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The end of Democratic quiescence on the Supreme Court

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The Roberts Court, November 30, 2018. Seated, from left to right: Justices Stephen G. Breyer and Clarence Thomas, Chief Justice John G. Roberts, Jr., and Justices Ruth Bader Ginsburg and Samuel A. Alito. Standing, from left to right: Justices Neil M. Gorsuch, Sonia Sotomayor, Elena Kagan, and Brett M. Kavanaugh. Photograph by Fred Schilling, Supreme Court Curator’s Office.

Since using constitutional hardball to take over the the Supreme Court early in the Nixon administration — more on that soon — Republicans have enjoyed the best of both worlds. The Court has been generally and increasingly conservative, and yet Republicans have both placed a higher priority on and have had negative attitudes towards it. (This is indeed a crucial reason for Trump’s victory in 2016. And of course had Democratic voters shown up in 2014 we wouldn’t be in our current predicament.)

Even before Mitch McConnell announced his intention to ram through a midnight nomination to replace Ruth Bader Ginsburg, however, this was changing:

The survey, conducted amid allegations of sexual misconduct by Brett Kavanaugh, Trump’s nominee for the Supreme Court, finds that large majorities of voters in both parties view Supreme Court appointments as a “very important” voting issue.

Overall, 76% of registered voters – including 81% who support the Democratic candidate and 72% who favor the Republican candidate – say appointments to the court will be very important to their vote this fall.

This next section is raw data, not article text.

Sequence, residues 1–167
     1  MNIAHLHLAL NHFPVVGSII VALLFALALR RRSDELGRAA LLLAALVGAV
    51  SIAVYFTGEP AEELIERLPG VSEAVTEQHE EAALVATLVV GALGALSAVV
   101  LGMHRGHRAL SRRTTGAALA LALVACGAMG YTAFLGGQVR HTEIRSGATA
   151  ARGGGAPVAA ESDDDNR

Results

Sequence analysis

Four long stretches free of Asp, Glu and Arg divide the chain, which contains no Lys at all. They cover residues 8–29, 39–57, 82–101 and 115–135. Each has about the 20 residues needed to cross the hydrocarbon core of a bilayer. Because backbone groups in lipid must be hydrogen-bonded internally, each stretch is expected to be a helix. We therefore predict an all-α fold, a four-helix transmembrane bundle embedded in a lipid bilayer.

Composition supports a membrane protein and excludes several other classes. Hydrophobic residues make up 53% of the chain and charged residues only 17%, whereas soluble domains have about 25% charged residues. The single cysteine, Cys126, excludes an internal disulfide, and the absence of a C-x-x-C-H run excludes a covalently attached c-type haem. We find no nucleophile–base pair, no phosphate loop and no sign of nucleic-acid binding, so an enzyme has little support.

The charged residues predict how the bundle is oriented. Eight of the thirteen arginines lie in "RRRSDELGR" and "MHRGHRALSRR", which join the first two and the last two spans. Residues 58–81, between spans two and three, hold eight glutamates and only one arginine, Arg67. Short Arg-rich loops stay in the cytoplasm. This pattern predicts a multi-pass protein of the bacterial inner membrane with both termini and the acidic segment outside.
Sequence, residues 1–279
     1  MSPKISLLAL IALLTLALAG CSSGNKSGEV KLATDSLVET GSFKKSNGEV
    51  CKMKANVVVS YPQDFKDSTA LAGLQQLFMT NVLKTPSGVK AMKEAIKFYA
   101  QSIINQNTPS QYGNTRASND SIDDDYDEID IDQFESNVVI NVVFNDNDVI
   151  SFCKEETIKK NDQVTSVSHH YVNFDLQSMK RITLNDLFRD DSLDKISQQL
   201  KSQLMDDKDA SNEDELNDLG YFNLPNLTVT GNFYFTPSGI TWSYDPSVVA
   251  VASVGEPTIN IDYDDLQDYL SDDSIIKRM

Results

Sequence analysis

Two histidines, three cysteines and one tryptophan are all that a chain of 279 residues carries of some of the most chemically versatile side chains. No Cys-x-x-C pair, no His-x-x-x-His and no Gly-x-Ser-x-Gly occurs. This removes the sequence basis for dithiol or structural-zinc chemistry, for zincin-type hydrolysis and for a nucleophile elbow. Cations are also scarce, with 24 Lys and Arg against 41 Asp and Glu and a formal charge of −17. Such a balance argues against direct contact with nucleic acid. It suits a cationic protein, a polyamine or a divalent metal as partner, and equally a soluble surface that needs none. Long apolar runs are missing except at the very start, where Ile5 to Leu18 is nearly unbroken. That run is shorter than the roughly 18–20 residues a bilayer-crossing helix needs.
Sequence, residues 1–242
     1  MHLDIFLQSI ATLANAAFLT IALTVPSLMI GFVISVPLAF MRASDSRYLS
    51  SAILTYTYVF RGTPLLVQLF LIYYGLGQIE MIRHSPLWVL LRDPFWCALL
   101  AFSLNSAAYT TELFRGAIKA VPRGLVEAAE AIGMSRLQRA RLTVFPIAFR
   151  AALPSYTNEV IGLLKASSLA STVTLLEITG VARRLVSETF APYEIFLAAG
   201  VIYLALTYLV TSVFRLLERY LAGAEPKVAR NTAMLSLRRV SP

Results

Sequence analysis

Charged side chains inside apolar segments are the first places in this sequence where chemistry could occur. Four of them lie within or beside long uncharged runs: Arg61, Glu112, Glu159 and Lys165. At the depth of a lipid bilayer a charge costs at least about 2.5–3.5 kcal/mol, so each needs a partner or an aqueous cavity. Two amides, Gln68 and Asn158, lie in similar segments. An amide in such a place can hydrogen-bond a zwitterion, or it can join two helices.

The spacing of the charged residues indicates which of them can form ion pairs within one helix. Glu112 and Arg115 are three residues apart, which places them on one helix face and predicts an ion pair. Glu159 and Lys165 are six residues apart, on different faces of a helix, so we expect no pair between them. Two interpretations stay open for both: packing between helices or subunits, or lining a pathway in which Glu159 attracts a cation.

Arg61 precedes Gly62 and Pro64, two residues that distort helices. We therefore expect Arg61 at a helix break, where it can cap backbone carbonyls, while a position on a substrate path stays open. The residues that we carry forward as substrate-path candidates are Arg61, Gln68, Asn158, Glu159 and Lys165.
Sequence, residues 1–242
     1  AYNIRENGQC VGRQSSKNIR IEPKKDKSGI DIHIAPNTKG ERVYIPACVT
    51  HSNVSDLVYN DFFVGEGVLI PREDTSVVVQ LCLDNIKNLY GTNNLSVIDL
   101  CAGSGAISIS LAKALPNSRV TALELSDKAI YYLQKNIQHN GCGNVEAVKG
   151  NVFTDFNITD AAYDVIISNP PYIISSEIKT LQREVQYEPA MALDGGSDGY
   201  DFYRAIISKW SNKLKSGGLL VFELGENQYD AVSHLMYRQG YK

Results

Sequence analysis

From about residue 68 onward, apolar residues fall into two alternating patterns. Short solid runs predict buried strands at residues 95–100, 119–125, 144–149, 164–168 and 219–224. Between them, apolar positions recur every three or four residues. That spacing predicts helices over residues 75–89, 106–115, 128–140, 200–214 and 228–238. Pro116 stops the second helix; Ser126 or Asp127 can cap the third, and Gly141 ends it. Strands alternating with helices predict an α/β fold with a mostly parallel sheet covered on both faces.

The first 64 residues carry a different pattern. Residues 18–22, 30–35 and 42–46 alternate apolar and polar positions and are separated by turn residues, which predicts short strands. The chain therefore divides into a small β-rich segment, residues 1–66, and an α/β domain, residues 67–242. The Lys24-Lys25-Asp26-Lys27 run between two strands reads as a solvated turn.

Among all voters, Supreme Court appointments rank with health care (75%) and the economy (74%) among the top voting issues.

While health care and the economy typically rank among the top issues for voters, there is no trend to past midterms on the importance of court appointments.

However, more voters view Supreme Court appointments as a very important issue today than did so in June 2016, during the presidential election. At that time, 65% of voters (70% of Republicans and 62% of Democrats) said court appointments were very important.

The enormous amounts of money raised by Democratic Senate candidates last night would suggest that Justice Ginsburg’s death will (as one would assume) only accelerate the trend.

This is one reason to fight as hard as possible to stop Trump and McConnell from confirming a replacement. Will they get one rammed through? Probably. But probable is not certain. And even assuming they win the battle, there’s the longer term to consider — the only way judicial reform is going to happen is if Democratic voters are mobilized against the Court, and getting a lame-duck replacement for RBG after they refused even to grant a hearing to Merrick Garland puts the total illegitimacy of The Gang That Can’t Win A Popular Vote having an entrenched 6-3 Supreme Court majority in the starkest possible terms. This is a fight to preserve and semblance of democracy in America, and it’s not the time for cynical disengagement.

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